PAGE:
Attila Delingat Commits to Princeton for Volleyball

By Nathan Godderis

Senior Attila Delingat is every volleyball coach’s dream. He’s experienced, athletic, determined, has leadership, and he’s 6 feet 8 inches tall. Playing as a middle blocker for his club team, Bay to Bay, and the varsity boys volleyball team throughout high school, Attila verbally committed to Princeton, a NCAA Division 1 school for volleyball in November, and he is planning on majoring in engineering.

Attila was noticed by scouts through his performance with Bay to Bay when they went to big tournaments and national competitions. His height and aggression on the court is what set him apart from the rest.

“He can cover any position on the court that you want,” Coach Vern Leslie said. “So when going into college volleyball, they’re not looking for a player who can play in specifically one position, but a player who can fill in a spot if you need it.”

Attila started playing volleyball in seventh grade on his middle school team. His height gave him an advantage even from an early age, letting him attack the ball in midair and deliver devastating strikes. As his training went on, he joined Bay to Bay after sophomore year.

Attila credits much of his development and success in volleyball to Bay to Bay. The club exposed Attila to a more competitive league with different coaches and a community of teammates.

“I started in seventh grade and back then I definitely didn’t really think I was gonna go to college or that it wasn’t really in my view for the future,” Attila said. “But as I started club, my directors started talking to me about my potential and that’s really when I started to realize how far volleyball could take me.

“The biggest influence was probably the community at my club, transitioning from playing just high school and middle school volleyball to playing club was a huge change. I love my teammates, the coaches are amazing and that higher performance environment really drove me to improve as a player.”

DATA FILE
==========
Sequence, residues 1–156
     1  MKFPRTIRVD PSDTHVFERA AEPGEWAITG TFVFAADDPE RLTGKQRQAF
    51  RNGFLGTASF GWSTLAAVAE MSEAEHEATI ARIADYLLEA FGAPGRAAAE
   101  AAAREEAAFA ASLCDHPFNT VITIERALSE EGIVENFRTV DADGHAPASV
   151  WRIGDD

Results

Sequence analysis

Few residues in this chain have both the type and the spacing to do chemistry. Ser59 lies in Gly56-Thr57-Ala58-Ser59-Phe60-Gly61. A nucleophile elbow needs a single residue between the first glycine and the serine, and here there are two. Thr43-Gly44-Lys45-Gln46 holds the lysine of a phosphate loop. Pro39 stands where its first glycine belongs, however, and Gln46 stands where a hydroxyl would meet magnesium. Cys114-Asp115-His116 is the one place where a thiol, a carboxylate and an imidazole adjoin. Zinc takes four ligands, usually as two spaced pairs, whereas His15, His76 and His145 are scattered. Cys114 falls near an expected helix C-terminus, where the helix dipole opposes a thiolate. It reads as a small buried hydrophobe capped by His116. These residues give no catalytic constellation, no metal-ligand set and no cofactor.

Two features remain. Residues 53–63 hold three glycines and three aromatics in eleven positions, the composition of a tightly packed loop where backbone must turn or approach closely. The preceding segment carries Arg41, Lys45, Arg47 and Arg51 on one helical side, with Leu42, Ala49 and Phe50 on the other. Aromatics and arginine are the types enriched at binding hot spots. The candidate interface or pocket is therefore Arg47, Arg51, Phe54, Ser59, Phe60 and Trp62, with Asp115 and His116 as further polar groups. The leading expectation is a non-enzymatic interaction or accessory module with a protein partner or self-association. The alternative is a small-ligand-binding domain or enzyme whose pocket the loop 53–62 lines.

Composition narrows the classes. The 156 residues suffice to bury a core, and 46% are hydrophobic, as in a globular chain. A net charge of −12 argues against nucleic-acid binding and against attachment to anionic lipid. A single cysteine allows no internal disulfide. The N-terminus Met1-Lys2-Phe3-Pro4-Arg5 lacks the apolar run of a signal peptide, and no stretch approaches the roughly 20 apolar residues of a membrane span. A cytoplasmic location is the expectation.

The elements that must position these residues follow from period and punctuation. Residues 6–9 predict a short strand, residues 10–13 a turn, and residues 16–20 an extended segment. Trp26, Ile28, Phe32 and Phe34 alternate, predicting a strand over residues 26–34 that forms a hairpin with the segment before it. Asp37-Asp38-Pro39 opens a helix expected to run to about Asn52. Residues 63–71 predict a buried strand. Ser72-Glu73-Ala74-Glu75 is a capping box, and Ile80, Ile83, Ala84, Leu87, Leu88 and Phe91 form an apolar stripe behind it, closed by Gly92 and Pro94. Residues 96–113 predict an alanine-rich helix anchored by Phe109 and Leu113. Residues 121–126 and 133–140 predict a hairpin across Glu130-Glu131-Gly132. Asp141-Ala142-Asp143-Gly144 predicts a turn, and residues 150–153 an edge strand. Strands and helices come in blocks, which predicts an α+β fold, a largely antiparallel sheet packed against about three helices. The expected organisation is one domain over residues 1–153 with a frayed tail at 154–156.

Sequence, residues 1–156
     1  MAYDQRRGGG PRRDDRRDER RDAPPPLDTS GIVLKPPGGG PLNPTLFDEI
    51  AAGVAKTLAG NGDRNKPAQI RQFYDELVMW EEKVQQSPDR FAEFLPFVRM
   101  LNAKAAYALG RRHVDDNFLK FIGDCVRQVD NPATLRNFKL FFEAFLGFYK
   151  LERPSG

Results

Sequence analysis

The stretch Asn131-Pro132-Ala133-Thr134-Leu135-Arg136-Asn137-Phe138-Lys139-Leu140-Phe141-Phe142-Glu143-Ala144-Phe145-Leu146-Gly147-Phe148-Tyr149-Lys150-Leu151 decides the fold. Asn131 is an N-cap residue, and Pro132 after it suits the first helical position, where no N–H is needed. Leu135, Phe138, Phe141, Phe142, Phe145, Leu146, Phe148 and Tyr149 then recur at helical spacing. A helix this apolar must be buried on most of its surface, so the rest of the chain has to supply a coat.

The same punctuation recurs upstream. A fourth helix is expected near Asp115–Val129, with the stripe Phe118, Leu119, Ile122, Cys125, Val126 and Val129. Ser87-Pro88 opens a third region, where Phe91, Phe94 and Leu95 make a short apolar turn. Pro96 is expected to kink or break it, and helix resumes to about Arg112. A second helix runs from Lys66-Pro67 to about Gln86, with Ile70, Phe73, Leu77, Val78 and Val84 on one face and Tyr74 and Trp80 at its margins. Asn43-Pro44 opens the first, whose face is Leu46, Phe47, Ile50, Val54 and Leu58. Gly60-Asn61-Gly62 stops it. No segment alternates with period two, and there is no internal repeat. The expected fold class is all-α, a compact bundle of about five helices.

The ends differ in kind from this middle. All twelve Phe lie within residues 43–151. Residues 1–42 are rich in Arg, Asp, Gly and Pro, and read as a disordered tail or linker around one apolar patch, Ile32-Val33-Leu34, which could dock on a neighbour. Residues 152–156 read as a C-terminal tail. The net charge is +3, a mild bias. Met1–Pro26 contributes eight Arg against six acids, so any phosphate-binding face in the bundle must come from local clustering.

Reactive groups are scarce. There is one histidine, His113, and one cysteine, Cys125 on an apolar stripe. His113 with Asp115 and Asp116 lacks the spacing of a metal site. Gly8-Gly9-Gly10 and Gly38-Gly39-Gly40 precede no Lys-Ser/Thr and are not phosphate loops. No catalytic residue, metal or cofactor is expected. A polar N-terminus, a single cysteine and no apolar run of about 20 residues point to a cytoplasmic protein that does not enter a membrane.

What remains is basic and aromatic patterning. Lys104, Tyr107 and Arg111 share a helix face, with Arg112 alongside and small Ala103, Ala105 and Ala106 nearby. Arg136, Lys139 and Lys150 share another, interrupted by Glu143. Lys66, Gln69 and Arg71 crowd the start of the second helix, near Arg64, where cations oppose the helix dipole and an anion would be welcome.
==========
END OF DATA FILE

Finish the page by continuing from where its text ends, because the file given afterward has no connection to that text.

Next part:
Attila’s height and his progression with his club team were the main driving forces for his success. However, he also credits much of his improvement to joining the club’s beach volleyball program.

“That was really one of the biggest steps I took toward improving my game,” Attila said, “Just because playing on the sand is so different from playing indoor, I think I challenged myself in a lot of ways, and that really helped me improve my game as well.”

In his junior year, Attila became the captain of the varsity volleyball team. That season, the team had lost many key seniors and had a more inexperienced team, so Attila took charge.

“Attila is what I call a quiet leader, he doesn’t talk much, he leads more by example in terms of his playing ability, so that said, he’s not very vocal,” Leslie said. “As tall as he is, as aggressive as he is on the court, he can really inspire others.”

Attila will play his last year of varsity volleyball for Los Altos this spring. He will continue to be a giant on the court, literally, and will utilize his talent to play hard this year and in college.

“I’m incredibly excited for the months to come,” Attila said, “Princeton’s a great school and I look forward to being in that academic environment and also being able to still be part of a highly competitive volleyball team.”

The decision to go to Princeton wasn’t an easy one. Attila caught the eyes of many scouts after reaching a national tournament with his club team. After much consideration from offers of D3 to D1 schools, Atilla narrowed down his choices to Harvard or Princeton. He chose Princeton mainly due to its engineering department, the field Attila is interested in.

“The coach was also a huge influence on that decision,” Attila said. “I think the coaches at Princeton are proactive which matched what I like to see in a coach rather [than] what I saw in the Harvard coach.”